The findings show that blood pressure is influenced by the metabolic syndrome, irrespective of the presence or absence of diabetes mellitus. This finding was not a reflection of the antihypertensive treatments received by the patients, as those with metabolic syndrome alone and those with diabetes alone were receiving a similar number of treatments. Other factors may be more important for conferring resistance to antihypertensive treatment, since patients with diabetes mellitus alone, without accompanying metabolic syndrome, showed much lower blood pressure than patients with metabolic syndrome with or without diabetes mellitus. In addition, resistance to antihypertensive treatment may also reflect some doubts about target blood pressure values and low physician compliance in prescribing further therapy for patients with metabolic syndrome.
As disturbed glucose metabolism is present in both metabolic syndrome and diabetes mellitus, other factors of the metabolic syndrome are likely to be responsible for the tendency towards higher blood pressure in patients with metabolic syndrome. Indeed, when we evaluated the other components of the metabolic syndrome with respect to their impact on blood pressure, it was BMI and waist circumference which showed the closest association with blood pressure, both systolic and diastolic. On the other hand, the presence or absence of diabetes mellitus was not a major determinant of blood pressure. The above analyses were based on blood pressure values instead of blood pressure control rates. This seemed appropriate since blood pressure control rates were much lower in patients with diabetes mellitus than in patients with metabolic syndrome due to the fact that in patients with metabolic syndrome without diabetes mellitus the blood pressure target was < 140/90 mm Hg, but in patients with diabetes mellitus with or without metabolic syndrome the blood pressure target was < 130/80 mm Hg. Due to the different blood pressure targets, blood pressure control rates differed markedly depending on the presence or absence of diabetes mellitus.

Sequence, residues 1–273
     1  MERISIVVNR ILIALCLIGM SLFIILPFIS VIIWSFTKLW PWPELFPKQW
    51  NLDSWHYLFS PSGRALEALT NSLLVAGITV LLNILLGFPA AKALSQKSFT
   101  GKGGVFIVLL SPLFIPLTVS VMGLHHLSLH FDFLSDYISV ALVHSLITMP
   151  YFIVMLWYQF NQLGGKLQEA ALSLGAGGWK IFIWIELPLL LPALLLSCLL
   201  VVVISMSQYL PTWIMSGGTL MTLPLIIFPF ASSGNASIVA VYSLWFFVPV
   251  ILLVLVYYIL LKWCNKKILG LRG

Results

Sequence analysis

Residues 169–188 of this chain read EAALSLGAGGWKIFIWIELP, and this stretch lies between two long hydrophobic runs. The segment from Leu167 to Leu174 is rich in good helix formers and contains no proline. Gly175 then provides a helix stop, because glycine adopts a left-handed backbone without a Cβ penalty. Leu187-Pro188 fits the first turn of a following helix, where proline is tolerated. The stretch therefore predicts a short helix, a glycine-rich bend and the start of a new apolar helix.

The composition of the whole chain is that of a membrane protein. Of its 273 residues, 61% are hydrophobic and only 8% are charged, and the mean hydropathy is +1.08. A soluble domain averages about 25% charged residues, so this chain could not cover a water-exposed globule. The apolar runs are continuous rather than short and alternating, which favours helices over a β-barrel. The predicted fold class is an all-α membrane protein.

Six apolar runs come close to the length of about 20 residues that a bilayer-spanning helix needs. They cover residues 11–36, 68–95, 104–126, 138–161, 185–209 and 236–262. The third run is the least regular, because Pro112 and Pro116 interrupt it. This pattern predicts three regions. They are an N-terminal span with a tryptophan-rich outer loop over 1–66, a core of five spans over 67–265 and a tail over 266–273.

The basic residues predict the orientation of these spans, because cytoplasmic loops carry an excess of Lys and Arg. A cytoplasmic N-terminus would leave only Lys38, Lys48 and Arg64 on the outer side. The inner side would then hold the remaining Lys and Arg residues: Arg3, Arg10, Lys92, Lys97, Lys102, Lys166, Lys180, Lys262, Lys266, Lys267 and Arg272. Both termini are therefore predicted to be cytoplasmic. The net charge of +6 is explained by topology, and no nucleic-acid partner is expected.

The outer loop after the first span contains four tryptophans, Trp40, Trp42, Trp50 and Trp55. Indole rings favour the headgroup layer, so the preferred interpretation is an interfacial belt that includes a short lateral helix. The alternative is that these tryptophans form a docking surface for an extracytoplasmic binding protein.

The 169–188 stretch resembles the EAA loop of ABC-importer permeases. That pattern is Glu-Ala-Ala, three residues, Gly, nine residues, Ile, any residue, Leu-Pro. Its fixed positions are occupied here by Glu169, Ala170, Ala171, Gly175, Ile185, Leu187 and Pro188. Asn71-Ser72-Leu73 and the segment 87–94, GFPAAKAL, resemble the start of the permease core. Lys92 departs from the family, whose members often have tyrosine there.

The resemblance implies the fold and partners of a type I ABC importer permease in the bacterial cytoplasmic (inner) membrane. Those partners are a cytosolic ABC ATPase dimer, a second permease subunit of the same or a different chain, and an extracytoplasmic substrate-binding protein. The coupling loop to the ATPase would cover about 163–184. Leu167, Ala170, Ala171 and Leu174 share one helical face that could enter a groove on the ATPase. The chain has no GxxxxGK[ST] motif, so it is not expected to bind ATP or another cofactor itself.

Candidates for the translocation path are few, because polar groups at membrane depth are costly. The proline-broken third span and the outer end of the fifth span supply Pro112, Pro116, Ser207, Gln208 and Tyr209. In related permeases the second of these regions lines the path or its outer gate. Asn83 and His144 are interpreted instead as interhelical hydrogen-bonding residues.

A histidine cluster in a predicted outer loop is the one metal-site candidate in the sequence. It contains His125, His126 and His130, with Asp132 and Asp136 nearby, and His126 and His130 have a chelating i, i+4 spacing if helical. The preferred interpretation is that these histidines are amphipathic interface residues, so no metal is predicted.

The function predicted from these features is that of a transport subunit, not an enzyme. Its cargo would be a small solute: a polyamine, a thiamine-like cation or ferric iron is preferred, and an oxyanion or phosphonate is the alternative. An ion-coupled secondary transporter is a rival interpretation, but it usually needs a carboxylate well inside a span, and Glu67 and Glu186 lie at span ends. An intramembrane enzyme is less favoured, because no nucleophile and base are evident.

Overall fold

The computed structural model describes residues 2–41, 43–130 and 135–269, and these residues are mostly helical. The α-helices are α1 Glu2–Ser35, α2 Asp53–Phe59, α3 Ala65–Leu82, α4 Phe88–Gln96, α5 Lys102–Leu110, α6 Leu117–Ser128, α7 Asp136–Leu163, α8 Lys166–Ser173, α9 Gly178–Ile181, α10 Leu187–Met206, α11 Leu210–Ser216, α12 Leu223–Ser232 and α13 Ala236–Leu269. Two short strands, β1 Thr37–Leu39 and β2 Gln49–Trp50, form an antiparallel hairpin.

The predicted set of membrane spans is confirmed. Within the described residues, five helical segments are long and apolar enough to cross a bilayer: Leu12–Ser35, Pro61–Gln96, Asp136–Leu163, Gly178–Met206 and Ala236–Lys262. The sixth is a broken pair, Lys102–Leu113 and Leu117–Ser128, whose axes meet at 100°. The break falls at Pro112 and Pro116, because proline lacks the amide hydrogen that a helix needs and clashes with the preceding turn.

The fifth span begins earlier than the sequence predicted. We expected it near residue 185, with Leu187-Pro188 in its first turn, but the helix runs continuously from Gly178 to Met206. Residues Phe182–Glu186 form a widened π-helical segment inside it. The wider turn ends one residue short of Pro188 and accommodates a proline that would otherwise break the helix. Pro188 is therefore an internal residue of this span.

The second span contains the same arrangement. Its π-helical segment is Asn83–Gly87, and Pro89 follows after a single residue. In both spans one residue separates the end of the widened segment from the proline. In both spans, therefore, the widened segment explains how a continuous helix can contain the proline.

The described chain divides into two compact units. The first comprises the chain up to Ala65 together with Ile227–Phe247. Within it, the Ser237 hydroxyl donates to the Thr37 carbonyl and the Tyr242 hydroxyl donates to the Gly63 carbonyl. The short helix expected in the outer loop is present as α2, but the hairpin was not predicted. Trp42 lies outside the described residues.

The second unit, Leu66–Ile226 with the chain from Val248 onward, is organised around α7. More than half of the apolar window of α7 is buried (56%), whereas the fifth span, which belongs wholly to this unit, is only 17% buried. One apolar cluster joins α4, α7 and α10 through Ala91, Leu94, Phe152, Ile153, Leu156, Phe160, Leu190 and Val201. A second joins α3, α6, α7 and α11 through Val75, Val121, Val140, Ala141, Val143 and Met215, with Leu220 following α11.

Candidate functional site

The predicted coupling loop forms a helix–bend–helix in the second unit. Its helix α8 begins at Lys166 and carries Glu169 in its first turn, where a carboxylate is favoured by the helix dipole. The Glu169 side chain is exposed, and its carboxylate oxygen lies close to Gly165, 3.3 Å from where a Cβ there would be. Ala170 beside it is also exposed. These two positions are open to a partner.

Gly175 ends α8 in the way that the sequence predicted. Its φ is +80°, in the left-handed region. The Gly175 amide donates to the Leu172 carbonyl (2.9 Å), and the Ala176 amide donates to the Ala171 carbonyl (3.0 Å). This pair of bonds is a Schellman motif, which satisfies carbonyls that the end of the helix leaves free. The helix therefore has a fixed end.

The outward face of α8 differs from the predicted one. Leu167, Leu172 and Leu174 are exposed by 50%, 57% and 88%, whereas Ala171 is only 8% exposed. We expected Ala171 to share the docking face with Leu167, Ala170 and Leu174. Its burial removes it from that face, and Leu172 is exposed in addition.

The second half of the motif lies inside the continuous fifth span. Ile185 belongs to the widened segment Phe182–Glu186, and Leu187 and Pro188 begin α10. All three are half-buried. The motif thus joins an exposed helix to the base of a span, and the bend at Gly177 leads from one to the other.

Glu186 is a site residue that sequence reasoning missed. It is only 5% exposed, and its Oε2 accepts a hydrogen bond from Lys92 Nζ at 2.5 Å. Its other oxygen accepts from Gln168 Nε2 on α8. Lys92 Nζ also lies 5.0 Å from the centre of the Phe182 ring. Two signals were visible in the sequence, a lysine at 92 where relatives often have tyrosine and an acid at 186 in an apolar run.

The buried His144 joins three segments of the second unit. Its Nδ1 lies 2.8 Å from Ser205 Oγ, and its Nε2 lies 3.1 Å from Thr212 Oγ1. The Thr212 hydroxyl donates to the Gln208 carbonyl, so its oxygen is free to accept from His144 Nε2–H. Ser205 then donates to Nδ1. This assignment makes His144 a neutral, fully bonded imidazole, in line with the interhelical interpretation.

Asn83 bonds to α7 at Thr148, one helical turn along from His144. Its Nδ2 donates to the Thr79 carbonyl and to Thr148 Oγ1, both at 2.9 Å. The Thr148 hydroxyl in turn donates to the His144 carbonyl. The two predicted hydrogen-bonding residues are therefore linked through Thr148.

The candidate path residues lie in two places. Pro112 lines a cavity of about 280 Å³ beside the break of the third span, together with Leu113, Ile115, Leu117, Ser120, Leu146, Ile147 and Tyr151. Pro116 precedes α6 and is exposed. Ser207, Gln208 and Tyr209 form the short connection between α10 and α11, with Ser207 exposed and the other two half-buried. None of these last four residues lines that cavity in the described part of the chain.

These findings suggest that among the components of the metabolic syndrome, it is central obesity which affects blood pressure most. These findings are in line with the newer concepts on the pathophysiology of hypertension. The role of adipocytokines in the pathogenesis of hypertension has been of increasing interest in the last decade, and has markedly extended our view on the humoral mechanisms of hypertension [3–6]. Among the adipocytokines involved in the pathogenesis of hypertension, adiponectin and leptin have been most extensively studied. Recently, in a 5-year prospective study, serum adiponectin levels have been shown to be independent predictors of incident hypertension in a population normotensive at baseline .
Adiponectin, besides its effects on insulin sensitivity, may also act on the vasculature directly. Hypoadiponectinemia was found to be associated with an impaired endothelium-dependent vasodilation in humans and mice [8–10]. Conversely, adiponectin is a stimulator of nitric oxide (NO) production in endothelial cells [11, 12]. In addition to adiponectin, other adipocytokines, such as leptin, have also been linked with the development of hypertension. Leptin increases peripheral sympathetic tone, and leptin-deficient mice show lower arterial blood pressure [13, 14]. Among the many known adipocytokines, angiotensinogen has been found to be produced by adipocytes, and angiotensinogen can promote the development of hypertension by stimulating the production of angiotensin II [15, 16].
There is also ample epidemiological evidence that obesity is one of the major causes of essential hypertension. Excess weight gain has been repeatedly shown to be one of the best predictors for the development of hypertension [17–19]. Moreover, from the Framingham Heart study it has been estimated that about 65% to 75% of the risk for hypertension can be attributed to excess weight .